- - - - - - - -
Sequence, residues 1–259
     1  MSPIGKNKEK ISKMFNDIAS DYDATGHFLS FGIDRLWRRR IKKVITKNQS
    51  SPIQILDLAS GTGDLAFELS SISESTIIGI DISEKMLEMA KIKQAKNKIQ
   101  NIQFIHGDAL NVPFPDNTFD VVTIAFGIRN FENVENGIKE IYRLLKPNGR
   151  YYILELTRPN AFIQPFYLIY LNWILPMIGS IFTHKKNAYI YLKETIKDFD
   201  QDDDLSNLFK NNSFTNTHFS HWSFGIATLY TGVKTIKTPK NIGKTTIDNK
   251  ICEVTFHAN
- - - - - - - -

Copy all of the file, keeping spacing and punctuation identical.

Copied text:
Sequence, residues 1–259
     1  MSPIGKNKEK ISKMFNDIAS DYDATGHFLS FGIDRLWRRR IKKVITKNQS
    51  SPIQILDLAS GTGDLAFELS SISESTIIGI DISEKMLEMA KIKQAKNKIQ
   101  NIQFIHGDAL NVPFPDNTFD VVTIAFGIRN FENVENGIKE IYRLLKPNGR
   151  YYILELTRPN AFIQPFYLIY LNWILPMIGS IFTHKKNAYI YLKETIKDFD
   201  QDDDLSNLFK NNSFTNTHFS HWSFGIATLY TGVKTIKTPK NIGKTTIDNK
   251  ICEVTFHAN